There are no indications that ME involves permanent degradation. The available evidence (people who have achieved remission) shows the opposite.
2 years and I am still recovering function and working on the atrophy so no not a switch. Its complicated how you do it and requires you to rebuild everything as you go. Sadly many will not achieve this because it requires you to get worse before you get better fully. It is a journey with many twists and turns along the way and many drop out of trials for these very reasons from what I can see.

When someone does achieve it they are not believed also. Coping mechanism I think.
 

CSMLSM

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Prednisone: took 5 days of no effect, then full remission until I finished the pills. It worked just as well the second set of pills (took only 2 days to kick in), but never worked after that.

Cumin (cuminum cyminum): it triggered full remission the same way prednisone did. I started taking it daily, but at some point in the next week or two, it was no longer working, and never again triggered remission (did block PEM though).

T2 or iodine (which boosts endogenous T2 production): either triggered remission the first few times I tried it, but after the first few remissions, it no longer triggered them.

There were a couple of other temporary remissions that I never figured out the trigger for.

I'll point out that these first-time temporary remissions were complete surprises, and no one else has reported the same effect. Other people have reported other triggers for their temporary remissions ... which also didn't work for anyone else. So it's possible that you have some trigger just waiting out there. It could be some Chinese fungus or a Chilean herb or the artificial flavouring in guava-flavoured jellybeans; there's no way to predict what would work for an individual. If you try a lot of different things, you might find something that works.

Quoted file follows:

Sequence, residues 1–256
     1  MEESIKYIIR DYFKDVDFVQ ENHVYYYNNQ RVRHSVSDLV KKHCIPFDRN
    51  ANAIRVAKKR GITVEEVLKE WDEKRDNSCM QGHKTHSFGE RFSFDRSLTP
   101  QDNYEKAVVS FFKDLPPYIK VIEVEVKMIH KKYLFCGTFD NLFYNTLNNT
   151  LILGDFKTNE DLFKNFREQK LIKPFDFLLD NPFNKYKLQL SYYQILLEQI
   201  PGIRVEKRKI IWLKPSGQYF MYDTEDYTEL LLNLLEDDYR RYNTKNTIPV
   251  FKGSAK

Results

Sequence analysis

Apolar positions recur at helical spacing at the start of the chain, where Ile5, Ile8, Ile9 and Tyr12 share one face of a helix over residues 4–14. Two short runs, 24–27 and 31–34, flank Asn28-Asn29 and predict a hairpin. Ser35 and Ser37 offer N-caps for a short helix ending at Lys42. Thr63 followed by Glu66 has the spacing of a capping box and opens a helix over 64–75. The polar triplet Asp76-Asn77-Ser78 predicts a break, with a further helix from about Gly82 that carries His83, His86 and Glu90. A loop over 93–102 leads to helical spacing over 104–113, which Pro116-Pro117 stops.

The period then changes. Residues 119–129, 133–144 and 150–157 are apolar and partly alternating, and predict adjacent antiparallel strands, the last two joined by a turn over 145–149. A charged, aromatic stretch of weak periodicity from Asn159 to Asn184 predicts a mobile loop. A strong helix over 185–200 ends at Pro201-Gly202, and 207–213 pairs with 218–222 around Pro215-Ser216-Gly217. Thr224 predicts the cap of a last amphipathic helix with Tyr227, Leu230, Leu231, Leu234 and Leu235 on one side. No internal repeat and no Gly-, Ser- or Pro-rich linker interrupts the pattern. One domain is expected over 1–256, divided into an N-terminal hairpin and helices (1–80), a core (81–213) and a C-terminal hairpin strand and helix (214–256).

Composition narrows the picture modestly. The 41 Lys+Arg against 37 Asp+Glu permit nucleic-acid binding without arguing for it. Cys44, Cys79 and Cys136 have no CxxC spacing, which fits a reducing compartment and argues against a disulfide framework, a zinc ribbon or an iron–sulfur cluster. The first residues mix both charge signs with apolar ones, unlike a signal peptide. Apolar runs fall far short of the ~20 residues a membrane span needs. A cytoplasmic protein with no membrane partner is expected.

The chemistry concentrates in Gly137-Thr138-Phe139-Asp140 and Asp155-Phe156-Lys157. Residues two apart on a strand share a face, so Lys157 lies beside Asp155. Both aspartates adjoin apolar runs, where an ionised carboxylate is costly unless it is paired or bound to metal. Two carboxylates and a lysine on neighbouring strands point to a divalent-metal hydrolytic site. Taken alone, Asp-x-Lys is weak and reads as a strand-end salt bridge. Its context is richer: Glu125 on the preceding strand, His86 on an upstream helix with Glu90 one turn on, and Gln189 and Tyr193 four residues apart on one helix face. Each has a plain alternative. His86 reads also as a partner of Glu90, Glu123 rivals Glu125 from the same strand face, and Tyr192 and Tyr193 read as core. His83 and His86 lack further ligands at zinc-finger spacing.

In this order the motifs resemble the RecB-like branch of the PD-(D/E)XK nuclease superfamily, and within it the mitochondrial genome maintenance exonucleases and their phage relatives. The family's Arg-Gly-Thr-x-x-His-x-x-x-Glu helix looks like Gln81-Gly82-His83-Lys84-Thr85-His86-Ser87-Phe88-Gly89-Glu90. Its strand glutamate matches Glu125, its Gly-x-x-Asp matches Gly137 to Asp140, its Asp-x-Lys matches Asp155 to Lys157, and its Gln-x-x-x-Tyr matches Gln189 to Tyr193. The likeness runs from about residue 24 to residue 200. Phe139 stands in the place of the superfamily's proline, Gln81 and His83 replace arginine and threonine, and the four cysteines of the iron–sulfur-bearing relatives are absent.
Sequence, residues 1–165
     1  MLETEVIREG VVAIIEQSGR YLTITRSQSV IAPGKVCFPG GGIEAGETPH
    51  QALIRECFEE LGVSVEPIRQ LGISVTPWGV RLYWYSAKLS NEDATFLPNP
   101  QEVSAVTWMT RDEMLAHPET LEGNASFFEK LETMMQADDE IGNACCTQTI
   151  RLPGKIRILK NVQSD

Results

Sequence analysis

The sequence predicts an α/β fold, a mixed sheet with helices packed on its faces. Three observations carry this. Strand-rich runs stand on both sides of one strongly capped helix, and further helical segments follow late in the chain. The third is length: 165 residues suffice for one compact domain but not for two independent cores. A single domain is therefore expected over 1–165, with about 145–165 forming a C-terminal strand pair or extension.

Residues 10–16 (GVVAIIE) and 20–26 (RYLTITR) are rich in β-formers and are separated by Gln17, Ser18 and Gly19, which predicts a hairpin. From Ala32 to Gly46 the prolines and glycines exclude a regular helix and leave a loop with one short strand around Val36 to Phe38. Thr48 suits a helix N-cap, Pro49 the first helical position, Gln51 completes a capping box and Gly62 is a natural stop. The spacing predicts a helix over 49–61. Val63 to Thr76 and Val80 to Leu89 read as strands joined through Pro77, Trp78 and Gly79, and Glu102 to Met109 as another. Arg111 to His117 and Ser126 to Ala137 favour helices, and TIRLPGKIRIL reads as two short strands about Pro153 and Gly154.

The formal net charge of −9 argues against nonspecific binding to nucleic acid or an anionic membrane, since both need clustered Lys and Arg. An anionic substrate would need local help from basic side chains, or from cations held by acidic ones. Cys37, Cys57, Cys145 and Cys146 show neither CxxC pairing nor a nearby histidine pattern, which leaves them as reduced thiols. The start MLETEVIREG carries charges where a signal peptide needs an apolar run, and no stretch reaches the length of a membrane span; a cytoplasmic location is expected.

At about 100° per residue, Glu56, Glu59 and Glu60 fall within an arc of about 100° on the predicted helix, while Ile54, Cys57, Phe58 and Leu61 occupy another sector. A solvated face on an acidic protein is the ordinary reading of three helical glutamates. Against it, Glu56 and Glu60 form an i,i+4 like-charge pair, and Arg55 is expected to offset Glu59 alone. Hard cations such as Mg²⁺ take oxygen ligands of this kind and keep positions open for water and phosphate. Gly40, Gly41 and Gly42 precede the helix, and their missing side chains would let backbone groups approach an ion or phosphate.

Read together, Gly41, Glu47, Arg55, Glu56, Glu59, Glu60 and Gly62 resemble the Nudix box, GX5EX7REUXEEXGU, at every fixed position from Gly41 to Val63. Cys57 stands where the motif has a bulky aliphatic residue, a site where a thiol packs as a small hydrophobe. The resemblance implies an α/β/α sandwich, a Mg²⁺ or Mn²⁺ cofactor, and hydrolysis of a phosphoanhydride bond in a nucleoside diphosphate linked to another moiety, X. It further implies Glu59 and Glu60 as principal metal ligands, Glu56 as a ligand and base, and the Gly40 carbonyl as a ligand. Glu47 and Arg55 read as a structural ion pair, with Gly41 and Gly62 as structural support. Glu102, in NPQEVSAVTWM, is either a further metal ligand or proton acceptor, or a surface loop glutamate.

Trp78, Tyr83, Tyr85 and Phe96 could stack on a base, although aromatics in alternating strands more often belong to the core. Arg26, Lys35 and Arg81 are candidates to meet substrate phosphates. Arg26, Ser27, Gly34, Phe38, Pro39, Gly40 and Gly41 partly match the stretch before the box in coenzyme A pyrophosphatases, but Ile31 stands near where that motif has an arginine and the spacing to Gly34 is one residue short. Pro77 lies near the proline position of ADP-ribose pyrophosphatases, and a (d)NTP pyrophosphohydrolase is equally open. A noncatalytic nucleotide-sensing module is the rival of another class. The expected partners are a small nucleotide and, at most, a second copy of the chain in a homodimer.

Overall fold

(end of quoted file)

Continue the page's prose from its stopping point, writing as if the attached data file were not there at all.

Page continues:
Even if the remissions are only temporary, and can't be repeated, it is absolutely a major boost to your spirit to know that the horrible nightmare can be broken, and that it's a very rapid switch from full ME to full health.


BTW, looking at these three remission-triggers, the obvious question is: what do these three different chemicals do in the body to trigger the same effect? Unfortunately, the body is really complex, and the common point might be several stages downstream of their initial molecular bonding, so finding the answer isn't easy. I think it's likely that the T2 works by boosting RNA transcription, but it provably boosts hundreds of thousands or more different RNA transcriptions, so that doesn't narrow things down much.
immune modulation
 
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When someone does achieve it they are not believed also. Coping mechanism I think.
thats the truth!

what is it about the humans? I puzzle over psychology.

I was reading about how we prefer bad news over good. Somewhat related. Your improvement is good news, worth sharing. Had you arrived with bad news, you'd have a whole litany of new friends! :bang-head::headslap::headslap: